13 year old Jamilla’s family is originally from Lebanon.

They travelled from Sydney to Canberra to honour the sacrifices made for their adopted country.

“Well, we’ll show like respect of they fought for our country and if they didn’t do that here there would be a war.”

Sridevi’s family migrated from India over a decade ago and says the story of Anzac has become part of her story.

“My brother is marching. He’s part of the Australian Defence finance section. So he’s working there so we are here to support him. There are many of his colleagues from very different backgrounds so he finds it very multicultural and nice to fit in.”

On the final day of their Australian tour, the Duke and Duchess of Cambridge attended two Anzac ceremonies in Canberra, arriving at the first service unannounced and under the cover of darkness.

The second-in-line to the throne is a Royal Air Force search and rescue pilot.

‘Dons boss regrets self-reporting to AFL

Essendon chairman Paul Little has suggested the club got it wrong by self-reporting their supplements crisis to the AFL.


As ASADA continue their investigation of the Bombers’ 2011-12 supplements program, Little said the club gave away too much control of how the process unfolded.

The scandal went public in February last year, when then Essendon chairman David Evans, chief executive Ian Robson and coach James Hird fronted the media.

They announced the AFL and ASADA would start a joint investigation of the supplements program.

The AFL hit the club with massive penalties last August, but the ASADA probe is ongoing.

“I have this view that maybe self-reporting didn’t work all that well for us,” Little told Triple M on Friday.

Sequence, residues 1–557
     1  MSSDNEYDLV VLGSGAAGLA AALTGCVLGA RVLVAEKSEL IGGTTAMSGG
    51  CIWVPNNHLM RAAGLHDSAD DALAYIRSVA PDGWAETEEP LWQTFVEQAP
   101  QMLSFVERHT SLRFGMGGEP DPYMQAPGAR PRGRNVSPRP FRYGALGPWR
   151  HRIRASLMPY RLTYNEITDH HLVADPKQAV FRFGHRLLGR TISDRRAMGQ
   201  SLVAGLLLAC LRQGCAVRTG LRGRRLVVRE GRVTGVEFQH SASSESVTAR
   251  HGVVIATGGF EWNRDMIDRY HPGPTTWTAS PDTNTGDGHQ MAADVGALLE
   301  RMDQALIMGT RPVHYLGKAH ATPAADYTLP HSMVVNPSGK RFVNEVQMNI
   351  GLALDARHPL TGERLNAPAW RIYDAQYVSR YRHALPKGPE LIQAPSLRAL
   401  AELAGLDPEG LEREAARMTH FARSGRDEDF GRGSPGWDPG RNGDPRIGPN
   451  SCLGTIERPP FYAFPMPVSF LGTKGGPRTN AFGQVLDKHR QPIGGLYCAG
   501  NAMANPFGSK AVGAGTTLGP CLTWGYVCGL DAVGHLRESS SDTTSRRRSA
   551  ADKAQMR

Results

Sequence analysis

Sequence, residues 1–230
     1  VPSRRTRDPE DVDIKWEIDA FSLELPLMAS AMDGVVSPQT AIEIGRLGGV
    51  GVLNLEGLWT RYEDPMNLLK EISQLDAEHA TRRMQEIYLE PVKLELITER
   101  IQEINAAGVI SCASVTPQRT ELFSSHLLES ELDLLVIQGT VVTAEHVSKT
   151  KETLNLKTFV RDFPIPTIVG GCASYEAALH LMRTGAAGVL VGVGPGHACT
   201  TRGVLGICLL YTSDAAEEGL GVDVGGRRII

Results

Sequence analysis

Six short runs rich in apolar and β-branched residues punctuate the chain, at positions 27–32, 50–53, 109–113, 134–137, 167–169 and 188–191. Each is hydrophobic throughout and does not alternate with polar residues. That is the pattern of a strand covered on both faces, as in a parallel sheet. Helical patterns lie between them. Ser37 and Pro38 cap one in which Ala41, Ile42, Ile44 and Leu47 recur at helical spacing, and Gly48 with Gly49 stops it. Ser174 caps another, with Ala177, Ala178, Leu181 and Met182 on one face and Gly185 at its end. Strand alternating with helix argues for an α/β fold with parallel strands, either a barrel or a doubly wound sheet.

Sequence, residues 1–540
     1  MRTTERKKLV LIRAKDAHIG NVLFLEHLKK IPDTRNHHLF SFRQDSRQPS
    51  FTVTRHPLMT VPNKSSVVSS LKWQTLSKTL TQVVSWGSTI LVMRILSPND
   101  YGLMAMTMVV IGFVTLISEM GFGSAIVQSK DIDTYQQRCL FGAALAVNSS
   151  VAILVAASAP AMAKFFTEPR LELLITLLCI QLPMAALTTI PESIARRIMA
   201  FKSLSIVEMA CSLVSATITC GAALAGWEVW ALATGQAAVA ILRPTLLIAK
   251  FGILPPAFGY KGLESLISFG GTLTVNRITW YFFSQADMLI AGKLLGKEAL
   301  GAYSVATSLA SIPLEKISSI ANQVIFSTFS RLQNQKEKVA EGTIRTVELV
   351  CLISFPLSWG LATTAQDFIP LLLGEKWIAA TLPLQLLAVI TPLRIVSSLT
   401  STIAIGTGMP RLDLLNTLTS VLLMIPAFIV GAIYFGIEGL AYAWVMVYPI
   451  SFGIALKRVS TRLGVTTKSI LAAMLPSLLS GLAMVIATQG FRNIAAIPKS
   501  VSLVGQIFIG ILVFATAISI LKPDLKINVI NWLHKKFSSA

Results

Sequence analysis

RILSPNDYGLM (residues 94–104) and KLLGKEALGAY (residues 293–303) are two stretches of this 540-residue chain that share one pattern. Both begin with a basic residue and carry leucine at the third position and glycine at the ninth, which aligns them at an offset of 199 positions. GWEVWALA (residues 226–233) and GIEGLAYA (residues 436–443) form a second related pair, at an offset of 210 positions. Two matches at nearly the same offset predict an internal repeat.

“We gave away all of our leverage.

“We gave away all of our own rights to control a situation.”

Little acknowledged that self-reporting meant various authorities had unfettered access to people within the club.

“(But) I just think it perhaps could have overly-complicated a process that didn’t need to be quite that complicated,” he said.

Little took over as chairman in August last year after Evans’ sudden resignation because of health problems.

Robson resigned over the scandal and Hird is serving a 12-month suspension as part of the AFL penalties.

Little said the Bombers accepted the AFL punishment, where the club was kicked out of last year’s finals.

“We accept we were guilty of some of the lesser charges … and we’ve copped that penalty,” he said.

“But in any situation, you’ve got to retain some sort of control over your own destiny.”

Little also said the Bombers are hopeful interim coach Mark Thompson will stay once Hird returns at the end of this season.

He said the decision is entirely Thompson’s and they will discuss it when the time is right.

Essendon also hope to announce their new permanent chief executive by June 30.

Little said interim chief operating officer Xavier Campbell would be a very strong candidate for the job.